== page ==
One Sip: beers recently released in Chicago | Bleader

One Sip: beers recently released in Chicago


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Henry Weinhards beers
  • Henry Weinhard's beers
A note about the headline: a more accurate description would be "beers released in the last couple months, which might count as recent in the minds of certain procrastinators, but possibly not to everyone." But my editor tends to disapprove of headlines that are longer than a David Foster Wallace footnote, so we'll just go with "recent."

I tried Omission, a gluten-free beer from Widmer Brothers in Oregon, a couple weeks ago at their release party at Fatpour Tap Works. I'd done a little research (i.e., googling) in advance, and most of what I found praised the brew for actually tasting like beer. Not being gluten intolerant myself, I haven't tried other gluten-free beers, but I can confirm that the two Omission offerings do, in fact, taste like beer. Not particularly exciting ones—the lager is light and inoffensive; the pale ale is a little hoppier but also fairly mild—but definitely beer that I wouldn't object to drinking if it were handed to me at a party. Omission seems to be one of the only gluten-free beers brewed with barley (if not the only one); the gluten is then removed through a supersecret "proprietary process" until it's well under 20 parts per million. It's $10.99 a six-pack at Binny's, which I'd probably pay happily if I were gluten intolerant—since I'm not, though, I want a little more flavor for that price.

Henry Weinhard's was also originally made in Oregon—it was founded more than 150 years ago by a German immigrant who named his company after himself—but its current owner, MillerCoors, has moved production out of the state (to where, it's not clear). They began distributing three of their beers nationally in September: Private Reserve, Redwood Flats Amber Ale, and Woodland Pass IPA. The press release calls them "affordable, uncomplicated craft beers," and the website proclaims: "while some breweries are focused on pushing boundaries, we're serving up rock solid, uncomplicated beers that are textbook examples of their style." Which seems pretty accurate. The beers are all decent, drinkable, and so straightforward that there's very little to say about them. The IPA isn't too hoppy, with some malt flavors coming through; the amber is lightly hopped, just enough to balance out the malt sweetness; and the Private Reserve, a lager, is lemony and light. And the "affordable" claim? It's $7.99 a six-pack at Binny's (or $6.99 with a Binny's card)—so yeah, more or less.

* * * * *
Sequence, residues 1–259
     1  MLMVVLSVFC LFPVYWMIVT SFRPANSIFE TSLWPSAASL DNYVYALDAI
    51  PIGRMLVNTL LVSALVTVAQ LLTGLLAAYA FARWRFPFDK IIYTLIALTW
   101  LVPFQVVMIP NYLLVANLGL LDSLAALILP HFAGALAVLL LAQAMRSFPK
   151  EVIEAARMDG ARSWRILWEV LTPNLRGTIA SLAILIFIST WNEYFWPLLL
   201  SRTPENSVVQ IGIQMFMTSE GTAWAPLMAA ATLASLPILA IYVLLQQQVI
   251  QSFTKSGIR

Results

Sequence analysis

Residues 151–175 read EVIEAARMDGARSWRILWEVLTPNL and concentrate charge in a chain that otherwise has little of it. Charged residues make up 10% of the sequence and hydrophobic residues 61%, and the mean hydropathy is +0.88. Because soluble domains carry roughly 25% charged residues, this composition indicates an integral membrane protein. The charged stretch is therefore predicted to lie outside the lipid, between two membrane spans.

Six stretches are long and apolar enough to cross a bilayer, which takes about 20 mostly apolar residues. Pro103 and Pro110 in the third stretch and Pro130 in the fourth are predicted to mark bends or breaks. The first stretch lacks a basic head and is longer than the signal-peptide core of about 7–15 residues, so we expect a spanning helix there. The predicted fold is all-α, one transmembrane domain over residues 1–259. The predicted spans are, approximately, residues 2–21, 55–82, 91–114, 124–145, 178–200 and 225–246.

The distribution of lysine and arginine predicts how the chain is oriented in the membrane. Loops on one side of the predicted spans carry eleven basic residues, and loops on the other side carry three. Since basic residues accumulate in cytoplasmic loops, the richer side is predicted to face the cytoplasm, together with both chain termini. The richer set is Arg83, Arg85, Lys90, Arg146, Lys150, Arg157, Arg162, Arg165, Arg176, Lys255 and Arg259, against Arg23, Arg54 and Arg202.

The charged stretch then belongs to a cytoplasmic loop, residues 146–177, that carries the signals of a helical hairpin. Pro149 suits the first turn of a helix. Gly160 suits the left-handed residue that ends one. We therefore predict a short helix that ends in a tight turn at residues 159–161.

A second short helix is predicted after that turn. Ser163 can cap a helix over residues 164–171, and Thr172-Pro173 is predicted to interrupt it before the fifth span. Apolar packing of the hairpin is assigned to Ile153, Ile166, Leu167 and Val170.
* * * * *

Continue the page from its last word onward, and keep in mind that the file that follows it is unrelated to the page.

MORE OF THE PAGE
Newcastle recently started releasing "limited edition" beers in styles different from its well-known brown ale, and a month or two ago I got a sample of Werewolf, an Irish red ale. Several of us who tried it had cut our craft-beer-drinking teeth on Newcastle and fondly remembered the days when we thought it was amazing—before we discovered that in comparison to Bud Light almost anything seems good, and there was much better beer out there (for me, Leinenkugel's Honey Weiss also falls into this category). One colleague commented, "I used to really like Newcastle, and now it just tastes like dirty hippies to me." This tasted remarkably similar to the original Newcastle, but a bit maltier and flatter with a bitter aftertaste. My coworkers were more creative in their descriptions, claiming it tasted like everything from rubber cement to "burnt cardboard with McDonald's maple syrup" (and they weren't even drunk). I think this was released in honor of Halloween, but I saw it on the shelf yesterday at Jewel—so if you're dying to get your hands on some after that glowing recommendation, there may still be time.

Julia Thiel writes about booze every Wednesday.

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